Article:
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DJ Green Lantern & Cassidy: It’s Your Birthday

I remember the first time I realized Cassidy was nice. It was a Friday night and I was feeling a little lifted off “The Happening.” Out the blue my niggaa Nef called up my crib mad late wildin’ about this mixtape he just copped that had the audio to the infamous Cassidy vs. Freeway battle. He played it over the phone and I was Black Robbin’ it like “Whoa!” Cassidy shitted all over Beanie Sigel’s protégé.

Over time Cassidy would produce a hit that had drunk and horny chopped chicks waving their hotel keycards in the air hoping to lure drunker-hornier-broke dudes just looking for a place to crash for the night. If they had to take one for the team, so be it. He later dropped a hustler’s anthem, which in turn was probably your friendly neighborhood dealer’s ringtone. I know that’s how my homies did it. It seemed like Cassidy went from lukewarm to hot and then was set to blow.

Then came the legal troubles, the controversies, and the car crash. All these things kept him sidelined for a hot minute and in a game that has a memory span shorter than Midget Mack, that could spell doom for most artists.

But he’s been keeping himself relevant via the mixtape circuit and has shown no signs of letting up on his lyrical barrage when it comes to laying down that heat.

This joint is no different.

One thing about Cass that stands out is he always had the gift of saying something real without saying much. Like on “Let’s Get It” when he says: “You know you not a homo. Why say “no homo”? / Ayo, I think saying “No homo” is so homo / no I’m not a homo, you already know yo / it ain’t gay when I say “fuck niggas,” oh no…”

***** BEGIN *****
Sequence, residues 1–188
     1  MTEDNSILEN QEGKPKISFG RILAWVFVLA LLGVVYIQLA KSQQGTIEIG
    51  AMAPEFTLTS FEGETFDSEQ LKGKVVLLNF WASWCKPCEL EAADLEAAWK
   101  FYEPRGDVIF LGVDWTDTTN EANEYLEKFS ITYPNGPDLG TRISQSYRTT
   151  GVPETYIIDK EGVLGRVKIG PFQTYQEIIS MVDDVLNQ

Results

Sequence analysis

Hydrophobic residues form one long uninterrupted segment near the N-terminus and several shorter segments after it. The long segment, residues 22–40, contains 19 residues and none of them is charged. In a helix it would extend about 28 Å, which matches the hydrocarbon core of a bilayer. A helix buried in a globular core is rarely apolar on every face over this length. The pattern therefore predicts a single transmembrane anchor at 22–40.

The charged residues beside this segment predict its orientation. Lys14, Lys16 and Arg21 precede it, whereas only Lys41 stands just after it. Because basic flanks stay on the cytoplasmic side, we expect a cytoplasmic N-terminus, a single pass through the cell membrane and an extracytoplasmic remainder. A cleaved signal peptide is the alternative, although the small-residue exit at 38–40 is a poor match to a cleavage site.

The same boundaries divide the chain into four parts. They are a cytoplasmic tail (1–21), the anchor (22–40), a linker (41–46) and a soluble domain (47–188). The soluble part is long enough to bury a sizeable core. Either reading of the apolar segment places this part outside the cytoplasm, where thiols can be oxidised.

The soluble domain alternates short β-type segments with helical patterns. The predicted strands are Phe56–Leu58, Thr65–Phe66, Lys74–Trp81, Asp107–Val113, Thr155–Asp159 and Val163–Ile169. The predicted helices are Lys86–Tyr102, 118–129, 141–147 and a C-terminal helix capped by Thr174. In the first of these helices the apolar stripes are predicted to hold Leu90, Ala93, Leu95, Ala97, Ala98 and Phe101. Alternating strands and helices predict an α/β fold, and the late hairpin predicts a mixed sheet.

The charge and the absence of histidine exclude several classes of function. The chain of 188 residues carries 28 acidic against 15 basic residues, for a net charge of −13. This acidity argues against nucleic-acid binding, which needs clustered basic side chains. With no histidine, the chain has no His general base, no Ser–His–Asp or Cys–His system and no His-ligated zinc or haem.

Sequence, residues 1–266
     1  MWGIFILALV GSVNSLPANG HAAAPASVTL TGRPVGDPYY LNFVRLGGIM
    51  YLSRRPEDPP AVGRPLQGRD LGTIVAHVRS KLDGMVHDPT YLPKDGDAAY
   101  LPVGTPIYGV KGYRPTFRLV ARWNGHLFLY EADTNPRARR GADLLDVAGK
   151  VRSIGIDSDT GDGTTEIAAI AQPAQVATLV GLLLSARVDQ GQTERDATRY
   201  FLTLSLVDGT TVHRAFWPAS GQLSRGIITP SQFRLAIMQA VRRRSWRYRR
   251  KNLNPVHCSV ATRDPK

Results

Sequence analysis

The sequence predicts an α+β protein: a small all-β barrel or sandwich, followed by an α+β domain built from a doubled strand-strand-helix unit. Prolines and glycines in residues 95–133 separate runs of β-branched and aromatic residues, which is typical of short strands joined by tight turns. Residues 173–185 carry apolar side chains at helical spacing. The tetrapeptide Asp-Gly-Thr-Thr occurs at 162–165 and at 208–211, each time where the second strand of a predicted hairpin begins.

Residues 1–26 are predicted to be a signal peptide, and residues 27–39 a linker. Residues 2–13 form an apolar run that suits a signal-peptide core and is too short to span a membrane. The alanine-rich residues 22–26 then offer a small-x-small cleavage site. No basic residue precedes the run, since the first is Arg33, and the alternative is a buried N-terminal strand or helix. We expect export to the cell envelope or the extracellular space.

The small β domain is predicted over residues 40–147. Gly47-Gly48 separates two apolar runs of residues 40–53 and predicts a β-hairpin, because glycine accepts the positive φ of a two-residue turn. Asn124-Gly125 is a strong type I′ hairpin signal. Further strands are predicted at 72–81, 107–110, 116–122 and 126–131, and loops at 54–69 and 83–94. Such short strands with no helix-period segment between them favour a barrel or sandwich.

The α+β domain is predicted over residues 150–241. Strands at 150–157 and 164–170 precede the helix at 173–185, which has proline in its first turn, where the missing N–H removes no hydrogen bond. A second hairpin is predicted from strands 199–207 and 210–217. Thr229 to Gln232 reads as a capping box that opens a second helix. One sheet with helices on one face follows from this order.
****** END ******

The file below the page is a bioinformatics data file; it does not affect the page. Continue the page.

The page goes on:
How real is that? Actually most of this mixtape was filled with the lyrical realness that most rappers claim to spit.

The only beef I’ve ever had with Cassidy was his flow. It doesn’t have the proper transition to keep it smooth like a Jadakiss, Banks or even Juelz. He packs more of a stop-and-go flow as opposed to a steady shift from one line to the next. ‘Cause lyrically he killed “A Milli”, but his flow just couldn’t match up with the track on any level.

Another flaw in this mixtape was the production. Though he did him on joints like “Money Come Fast” and “Wus Up Wit U,” the beats weren’t hard enough and were actually softer than dudes who wear chancletas with the thong strap in-between the big toe and the other little piggies.

Lyrically, It’s Your Birthday is dope, but the production and flows don’t always mesh well and it brings down the appeal. Luckily, the “On Da Spot” freestyles with A.R. AB were hot to death and kept this joint from being a total let down. They killed instrumentals from Prodigy (“Keep It Thoro”), Dr. Dre (“Been There Done That”) and T.I. (“What You Know”). The replay button got hit up a few times on these joints.

Will homie regain the status he held in ’04 or ’06? With the proper production it could happen. For the sake of hip-hop, I hope he does.

Hottest Joint: “Let’s Get It”

Weakest Joint: “Amnesia”

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